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On Governance, Democracy and Development



Governance matters for development. Indeed, there is a growing recognition that many persistent development problems reflect failure of governance. Because development is about people, a people-centred development is inconceivable without democracy. The anecdotal evidence is that democratic governance does promote sustainable human development, particularly because it allows citizens to be at the centre of both governance and development.

Beyond its intrinsic value of promoting civil and political liberties, democracy is also relevant to Africa because of its instrumental value, as measured by the extent to which democracy delivers basic needs, such as food, health, education, housing, and environmental protection, among others.

In Africa, as in other parts of the world, the utility of democracy must be measured by the extent to which it delivers positive outcomes for the ordinary man and woman in the street. Of what use is democracy if it fails to put bread on the table? This is a governance challenge, much of which could be addressed through regular, credible and transparent elections. When elections are transparent, free and fair, they produce leaders with vision who could transform societies.



Although critical to the democratization process, elections are not synonymous with democracy. As stated in the UNDP Human Development Report of 2002, “true democratization means more than elections. It requires the consolidation of democratic institutions and the strengthening of democratic practices, with democratic values and norms embedded in all parts of society.”

Elections can either promote democracy or inhibit it. The UNDP has identified these conditions as crucial to the democratization process, namely:

i. a system of representation, with well functioning political parties and interest associations;

ii. a system of checks and balances based on the separation of power, with independent judicial and legislative branches;

iii.        a vibrant civil society, able to monitor government and private business and provide alternative forms of political participation; and

iv. free and independent media, and effective civilian control of the military and other security forces.

In situations where there are weak institutions and strong men, elections can, infact, promote and legitimize autocracy, the kind of context President Obama warned against in his July 2009 address in Accra, Ghana. President Obama has warned in his Accra address that what Africa needs are strong institutions, not strong men.

Election for election’s sake is an exercise in futility. To be socially useful, an election must be a means to an end. That end is the transformation of society, including nation-building and the promotion of peace and stability.



One of the insidious legacies of colonialism in Africa is the arbitrary division of the continent along cultural and identity fault lines. How best to manage these diversities, especially during elections, remains one of the main governance challenges in Africa today. These diversities will not simply disappear all by themselves. African States must therefore find creative ways of managing their differences while forging national unity as part of nation-building efforts.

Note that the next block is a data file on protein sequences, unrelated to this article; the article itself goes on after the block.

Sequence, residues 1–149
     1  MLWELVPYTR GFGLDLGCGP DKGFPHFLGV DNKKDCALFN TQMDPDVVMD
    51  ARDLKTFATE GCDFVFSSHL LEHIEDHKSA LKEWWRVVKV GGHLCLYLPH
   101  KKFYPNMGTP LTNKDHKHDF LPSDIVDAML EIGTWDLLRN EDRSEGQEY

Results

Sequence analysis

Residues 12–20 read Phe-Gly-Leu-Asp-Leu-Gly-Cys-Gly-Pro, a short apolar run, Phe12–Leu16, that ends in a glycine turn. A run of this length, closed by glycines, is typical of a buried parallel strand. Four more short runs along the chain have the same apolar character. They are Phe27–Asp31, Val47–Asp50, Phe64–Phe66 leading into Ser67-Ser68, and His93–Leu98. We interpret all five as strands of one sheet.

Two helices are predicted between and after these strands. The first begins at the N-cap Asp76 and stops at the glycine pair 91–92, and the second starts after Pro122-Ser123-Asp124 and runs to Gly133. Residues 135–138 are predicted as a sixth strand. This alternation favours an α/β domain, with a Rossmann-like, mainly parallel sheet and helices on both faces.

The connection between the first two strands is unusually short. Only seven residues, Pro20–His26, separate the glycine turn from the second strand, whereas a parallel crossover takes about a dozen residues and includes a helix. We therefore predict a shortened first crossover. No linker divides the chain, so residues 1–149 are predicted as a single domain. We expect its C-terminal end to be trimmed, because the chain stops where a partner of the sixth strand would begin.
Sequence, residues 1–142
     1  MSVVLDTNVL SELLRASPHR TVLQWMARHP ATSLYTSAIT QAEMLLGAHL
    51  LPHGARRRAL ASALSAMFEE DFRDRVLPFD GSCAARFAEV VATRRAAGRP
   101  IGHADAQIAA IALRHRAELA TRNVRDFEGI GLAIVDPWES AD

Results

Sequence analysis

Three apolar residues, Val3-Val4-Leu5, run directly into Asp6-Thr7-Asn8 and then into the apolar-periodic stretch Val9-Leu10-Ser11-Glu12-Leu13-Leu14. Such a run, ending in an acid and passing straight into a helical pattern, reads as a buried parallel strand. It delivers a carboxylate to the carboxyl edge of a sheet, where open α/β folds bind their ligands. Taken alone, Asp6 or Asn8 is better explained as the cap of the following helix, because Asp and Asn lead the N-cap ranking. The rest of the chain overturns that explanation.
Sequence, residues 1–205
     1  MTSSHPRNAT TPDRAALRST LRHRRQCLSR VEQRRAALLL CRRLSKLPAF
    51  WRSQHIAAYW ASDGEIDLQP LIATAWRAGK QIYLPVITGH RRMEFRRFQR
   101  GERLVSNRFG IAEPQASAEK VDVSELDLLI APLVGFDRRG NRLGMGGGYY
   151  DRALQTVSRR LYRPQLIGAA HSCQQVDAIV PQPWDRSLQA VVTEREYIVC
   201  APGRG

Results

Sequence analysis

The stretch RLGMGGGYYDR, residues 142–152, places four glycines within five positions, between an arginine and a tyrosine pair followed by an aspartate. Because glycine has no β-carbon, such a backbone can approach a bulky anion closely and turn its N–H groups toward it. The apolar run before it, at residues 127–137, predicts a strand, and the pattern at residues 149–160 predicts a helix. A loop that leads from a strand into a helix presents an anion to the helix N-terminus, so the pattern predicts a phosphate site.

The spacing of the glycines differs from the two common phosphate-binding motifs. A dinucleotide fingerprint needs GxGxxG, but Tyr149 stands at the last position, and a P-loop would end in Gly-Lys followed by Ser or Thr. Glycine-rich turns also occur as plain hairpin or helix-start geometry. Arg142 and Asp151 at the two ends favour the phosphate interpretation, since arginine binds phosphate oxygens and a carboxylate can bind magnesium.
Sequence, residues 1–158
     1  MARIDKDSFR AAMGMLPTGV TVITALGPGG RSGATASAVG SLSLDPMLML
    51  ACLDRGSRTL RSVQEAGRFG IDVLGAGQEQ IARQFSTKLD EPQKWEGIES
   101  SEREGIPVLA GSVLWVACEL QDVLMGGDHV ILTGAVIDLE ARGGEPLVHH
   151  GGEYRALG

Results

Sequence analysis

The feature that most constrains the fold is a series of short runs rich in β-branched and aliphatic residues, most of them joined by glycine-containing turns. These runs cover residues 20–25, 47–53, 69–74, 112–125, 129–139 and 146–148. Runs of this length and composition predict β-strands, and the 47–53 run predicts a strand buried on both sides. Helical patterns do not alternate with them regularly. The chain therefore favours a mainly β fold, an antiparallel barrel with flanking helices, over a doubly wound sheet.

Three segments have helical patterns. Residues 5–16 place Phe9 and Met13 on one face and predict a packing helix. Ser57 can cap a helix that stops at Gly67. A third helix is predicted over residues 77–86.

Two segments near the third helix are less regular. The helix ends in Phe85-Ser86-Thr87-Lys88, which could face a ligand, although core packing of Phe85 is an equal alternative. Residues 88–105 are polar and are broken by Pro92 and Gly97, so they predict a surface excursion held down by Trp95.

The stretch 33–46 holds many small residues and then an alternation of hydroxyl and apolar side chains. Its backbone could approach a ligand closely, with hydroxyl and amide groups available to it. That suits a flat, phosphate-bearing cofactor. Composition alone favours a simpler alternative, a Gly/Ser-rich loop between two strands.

Whereas unity is perfectly possible in diversity, across Africa elections have exacerbated conflict along cultural and identity fault lines. Looking forward, African countries would do well to adopt good practices for the constructive management of socio-cultural diversity. Some of these policies may include but are not limited to:

I promotion of political participation of diverse socio-cultural groups through power sharing, either by means of the federalism principle, or through proportional electoral representation;

ii promotion of freedom of       religious practices and rights of minorities;

iii non-discriminatory language policy in schools; and

iv addressing socio-economic exclusion and taking affirmative action in favour of disadvantaged groups.

There are several reasons why Nigeria, indeed Africa, must institutionalize democracy, both as a system of governance and as a way of life. Despite the poverty challenge, perhaps the single most important cause of conflict across Africa is poor governance and closed political process, often occurring in the context of profound state debilitation. There are, therefore, two major challenges to address.

First, countries of Africa must scale up efforts to create and nurture viable and capable states – states that are able to provide security, alleviate poverty and ensure the equitable distribution of public goods. Second, African countries must institutionalize the principles of political pluralism, good governance, rule of law and respect for minority and human rights.

For countries of Africa, popular participation in the political process is, therefore, an urgent task. This is so because it is the perception of being discriminated against, the feeling of unjustified exclusion from access-political and economic – that fuel resentment and breed frustration and anger in much of the countries of Africa. In other words, many of the grievances that lead to conflict in Africa take their roots from perceptions of powerlessness and exclusion.

That being the case, to the extent that the political process is opened to all interest groups; to the degree that the political process is inclusive, not discriminatory; to the extent that the institutions of governance are truly representative of social diversities, only to this extent can conflict be avoided. This is why democratic governance, which guarantees participation and access, holds the key to Africa’s stability and development.



In many countries of Africa, a central challenge for strengthening democracy is building the key institutions of democratic governance. These institutions come in many shapes and forms. Whereas democracy is a universally recognized ideal based on values common to people every where regardless of cultural, political, social and economic differences, the democracy a nation chooses to develop depends on its history and circumstances.

This means that countries will necessarily be differently democratic. No single form of democracy can therefore be prescribed as the one and final version. Be that as it may, there are key institutions of democracy that form the bedrock of democratic governance everywhere. These institutions have to be strengthened to make democracy take root in Africa.